• Monsters, Marriage and Murder in Manchvegas

    Monsters, Marriage and Murder in Manchvegas


    A new Don’t Let the Moterncast Get You episode on this film. But, it’s extra special this time as we have an exclusive guest: director, writer and producer (he also acts in it) CHARLES ROXBURGH!

    He’s such a joy to chat with and the interview is full of amazing anecdotes and brilliant insights.

    Listen on The Twin Geeks, Spotify and Apple Podcasts.

  • Swing Time

    Swing Time


    CW: Racism

    So much of Swing Time is just wonderful. It bursts out with a sardonic attitude, a dry wit that lasts the whole film. It's not only the script that feels witty, it is in the choreography too. For the most part, it comes together with such consummate skill and a light touch.

    So much of the direction and design is hugely ambitious, but it feels effortless, a movie that glides along like its dancing stars. The narrative framework…

  • Gamera vs. Zigra

    Gamera vs. Zigra

    I can’t top my review from last time. Just read that.

  • Gamera vs. Jiger

    Gamera vs. Jiger


    A wonderfully wild Gamera movie full of things that barely fit together, and that so endearingly make no sense at all. It starts out rough, with some crude stereotyping and exoticisation. From this point onwards, though, we are in kaiju-madness mode.

    We have the trademark ultraviolence of these child friendly monster movies, as Gamera is sedated and tortured like it's Audition. This then allows the film to introduce a monster that just walks around a city and makes it explode.…

  • Cabaret



    At points, Cabaret really works, but it works even better in description. This is a portrayal of a world about to be lost. The free-wheeling excess is about to be taken away; the party's winding down but nobody knows.

    This tension between the Kit Kat Club and the early days of Nazism is a compelling framework. Precious little is done with it, though. There are scenes of power and impact but the ultimate focus is on a somewhat insipid love…

  • Chip 'n Dale: Rescue Rangers

    Chip 'n Dale: Rescue Rangers

    The Twin Geeks Review 

    Usually, it's easy to live and let live with family movies; these films are for children and are often blandly bad (or merely okay) in a way that's not really worth dissecting. Frankly, I wish that was the case with Chip 'n Dale: Rescue Rangers. A bland and inoffensive experience would be preferable to this: a film that is not only actively bad but that is built around a really disturbing philosophical core.

    The initial terribleness…

  • Burial Ground

    Burial Ground


    Grade A trash! This is 80 some minutes of squelchy goodness as poorly dubbed people try to escape zombies in a stately home. It is stuffed with nonsense and a whole lot of wild zooms, and what more could you want?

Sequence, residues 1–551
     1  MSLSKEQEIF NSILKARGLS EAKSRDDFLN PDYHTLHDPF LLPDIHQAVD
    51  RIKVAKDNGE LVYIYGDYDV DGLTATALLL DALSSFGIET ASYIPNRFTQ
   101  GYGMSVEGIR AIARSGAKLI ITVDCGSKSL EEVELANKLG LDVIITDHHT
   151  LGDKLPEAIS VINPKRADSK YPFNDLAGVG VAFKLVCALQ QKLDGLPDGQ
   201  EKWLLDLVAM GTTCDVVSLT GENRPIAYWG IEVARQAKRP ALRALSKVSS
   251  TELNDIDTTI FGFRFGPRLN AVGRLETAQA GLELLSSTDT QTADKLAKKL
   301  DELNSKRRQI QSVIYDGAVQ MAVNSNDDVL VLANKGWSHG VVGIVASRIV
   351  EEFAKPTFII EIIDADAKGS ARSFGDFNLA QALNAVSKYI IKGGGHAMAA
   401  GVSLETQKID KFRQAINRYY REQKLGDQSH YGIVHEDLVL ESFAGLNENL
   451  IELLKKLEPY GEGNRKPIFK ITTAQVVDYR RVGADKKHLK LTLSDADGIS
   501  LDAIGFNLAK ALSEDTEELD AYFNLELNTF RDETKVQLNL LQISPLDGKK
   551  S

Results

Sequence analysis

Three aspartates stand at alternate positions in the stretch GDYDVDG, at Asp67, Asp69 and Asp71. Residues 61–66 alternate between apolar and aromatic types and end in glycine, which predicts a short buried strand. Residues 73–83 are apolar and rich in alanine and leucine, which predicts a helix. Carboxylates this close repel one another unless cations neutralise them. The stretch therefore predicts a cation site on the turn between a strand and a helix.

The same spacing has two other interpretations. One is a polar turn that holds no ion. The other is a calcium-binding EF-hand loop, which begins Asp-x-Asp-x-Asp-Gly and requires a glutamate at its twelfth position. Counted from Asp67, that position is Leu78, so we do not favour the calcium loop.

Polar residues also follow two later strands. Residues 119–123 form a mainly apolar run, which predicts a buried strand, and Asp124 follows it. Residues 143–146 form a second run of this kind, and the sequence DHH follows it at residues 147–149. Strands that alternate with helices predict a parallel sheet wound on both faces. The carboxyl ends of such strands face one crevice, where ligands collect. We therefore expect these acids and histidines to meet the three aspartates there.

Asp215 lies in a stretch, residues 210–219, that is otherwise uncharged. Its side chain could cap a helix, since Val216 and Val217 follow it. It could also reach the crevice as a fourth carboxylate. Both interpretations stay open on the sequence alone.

It also has this soundtrack that goes incredibly hard, often in a way that the visuals have no interest in matching. If you like that several minutes long shot of the outside of an apartment complex in Tenebre, where…

  • Dark Glasses

    Dark Glasses


    Dario Argento just playing the hits surely isn't the worst mode for him to be in. Yes, Dark Glasses is limited by being a collection of directorial tropes shoved together into an unremarkable narrative, a film that only works because of killer music and Argento trademarks. But, after a string of bad films, Argento just doing what he's done before feels satisfying.

    It is good to know that he can still do it. That the blood can still flow, that…

  • The Last Picture Show

    The Last Picture Show


    Faded facades and broken windows (so many) dominate the look of this film. The Last Picture Show is just bewitching, an elliptically paced tour through small town misery and failure. In the wider narrative, a lot happens, a lot of major things. However, in the film itself, we see so little of this. Actual incident is reserved for offscreen, often just reported. At best we catch its aftermath.

    We even begin in aftermath, our characters have had their big game.…

  • Morbius


    At this stage, Morbius has become more meme than film and, frankly is not even deserving of that status. One of the worst cinematic crimes (above being actively immoral) is to be bad and boring. This work has the quality level of Catwoman without the entertainment value of pure nonsense cinema.

    There is a cold capability to everything here. Though the narrative is uniformly poor, everything fits together like a film. It fits the dry expectations of the definition of…

  • Happy Hour

    Happy Hour


    Relatively close to the start of this five hour drama, we watch an artist run a session. He is exceptionally skilled at balancing objects, and applies this skill as a philosophy, believing people have a natural balance that can be maintained. He also believes in wider kinds of communication, an intuitive communication.

    The session, as presented, is quite beautiful. It is hard not to get caught up in the feel of human connection and to welcome the idea of balance.…

  • The Man Who Sleeps

    The Man Who Sleeps


    Post college malaise evolves into a chronic detachment from reality. This a familiar tale of disaffection, something that cinema loves (especially of lonely men defined by their rejection of reality, often poeticised). But, here, it is done differently.

    This lone man is no lone wolf, his thoughts are narrated by a separate person, a female voice actor that (through her presence) creates even more distance. Even our privileged access to this man is a step removed, yet his thoughts also…